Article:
All of our fruit trees are grafted onto one of a number of rootstocks, some of which have names, many just numbers and letters! So a brief explanation follows…
Apples are grafted onto apple rootstocks primarily to reduce their size.
M27 produces a very dwarf tree which can be used as a freestanding tree in small gardens or in a pot. It produces a very productive little tree. Also suitable for a pot.
M9 rootstock is the choice that all professional growers use to grow their apples on. It produces a tree that is productive and easy to pick.
M26 will produce a tree around 10 feet tall and in my garden with lots of fruit. Good for cordons or small espaliers. Will start to produce quantities of fruit in a couple of years.
M116 will produce trees intermediate between m26 and mm106. Would also make a good espalier or cordon in most gardens.
MM106 is a vigorous tree in Scotland and produces a tree 10 to 15 feet high. Can be used to form a traditional looking orchard. Takes a bit longer to produce the quantities seen on more dwarfing stocks.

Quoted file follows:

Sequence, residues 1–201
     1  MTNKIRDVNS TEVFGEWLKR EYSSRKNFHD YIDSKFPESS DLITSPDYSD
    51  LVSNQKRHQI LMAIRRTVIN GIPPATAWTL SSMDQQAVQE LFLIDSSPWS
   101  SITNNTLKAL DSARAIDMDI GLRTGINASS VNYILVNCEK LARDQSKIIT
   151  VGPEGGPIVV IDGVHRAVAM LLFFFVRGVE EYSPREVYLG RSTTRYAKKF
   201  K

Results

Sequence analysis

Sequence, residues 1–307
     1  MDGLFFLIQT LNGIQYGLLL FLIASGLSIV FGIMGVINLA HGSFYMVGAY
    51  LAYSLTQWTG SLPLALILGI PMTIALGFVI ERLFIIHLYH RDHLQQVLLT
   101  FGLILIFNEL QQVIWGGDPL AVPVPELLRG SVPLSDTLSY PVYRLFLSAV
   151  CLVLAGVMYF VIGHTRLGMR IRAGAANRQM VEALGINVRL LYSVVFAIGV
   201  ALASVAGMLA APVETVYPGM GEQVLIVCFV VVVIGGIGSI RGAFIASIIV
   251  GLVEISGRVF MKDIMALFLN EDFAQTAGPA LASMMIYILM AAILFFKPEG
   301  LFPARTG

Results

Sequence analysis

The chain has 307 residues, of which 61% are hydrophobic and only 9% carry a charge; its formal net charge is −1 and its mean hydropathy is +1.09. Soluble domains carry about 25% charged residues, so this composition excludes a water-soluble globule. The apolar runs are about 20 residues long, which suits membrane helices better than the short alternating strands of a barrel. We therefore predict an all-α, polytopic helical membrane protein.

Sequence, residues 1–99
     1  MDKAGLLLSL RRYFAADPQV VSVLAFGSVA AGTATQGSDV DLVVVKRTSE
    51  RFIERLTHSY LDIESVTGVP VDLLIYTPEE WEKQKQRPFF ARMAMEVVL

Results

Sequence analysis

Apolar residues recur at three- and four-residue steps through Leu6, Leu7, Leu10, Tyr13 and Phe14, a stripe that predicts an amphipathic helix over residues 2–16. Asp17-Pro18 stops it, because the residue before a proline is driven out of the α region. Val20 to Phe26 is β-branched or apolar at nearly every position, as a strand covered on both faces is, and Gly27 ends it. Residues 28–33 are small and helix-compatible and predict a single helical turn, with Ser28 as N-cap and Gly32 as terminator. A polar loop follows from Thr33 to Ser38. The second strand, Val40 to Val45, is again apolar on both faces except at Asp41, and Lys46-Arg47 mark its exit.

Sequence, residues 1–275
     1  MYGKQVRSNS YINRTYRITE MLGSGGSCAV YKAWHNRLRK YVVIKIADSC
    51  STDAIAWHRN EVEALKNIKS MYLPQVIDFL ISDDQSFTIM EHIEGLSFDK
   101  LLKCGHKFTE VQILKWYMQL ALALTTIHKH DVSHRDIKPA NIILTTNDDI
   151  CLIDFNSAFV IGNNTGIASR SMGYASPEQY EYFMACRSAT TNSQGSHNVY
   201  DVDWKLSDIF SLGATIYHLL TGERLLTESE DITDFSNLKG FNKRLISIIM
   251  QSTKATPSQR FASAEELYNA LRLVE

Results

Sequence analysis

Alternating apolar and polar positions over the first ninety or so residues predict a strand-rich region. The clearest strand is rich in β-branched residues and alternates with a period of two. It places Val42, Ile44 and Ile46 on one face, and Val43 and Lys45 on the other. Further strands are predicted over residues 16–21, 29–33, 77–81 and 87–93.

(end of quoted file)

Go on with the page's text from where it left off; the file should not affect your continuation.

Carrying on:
M25/ M111 rootstocks produce a very vigorous tree up to 25 feet tall, and will take 5 years or more to start producing fruit.
We have been using Gisela 5 dwarfing stock for our cherries for s number of years now. Trees reach 8 to 12 feet depending on the variety. You may also see Colt, a more vigorous stock.
We use a dwarfing stock for small gardens, Quince A. Sometimes the even smaller Quince C stock. Trees reach around 6 to10 feet with these. For the traditional orchard, we use pear seedling as the stock. These trees will grow 20 feet or more and live to a great age.
There are several stocks for plums.
VVA1 forms a good garden sized tree.
St Julien and Wavit are quite vigorous and will produce a tree about 15 feet tall. Very productive.
Brompton gives a strong tree 20 feet or more in height. For the large garden or orchard.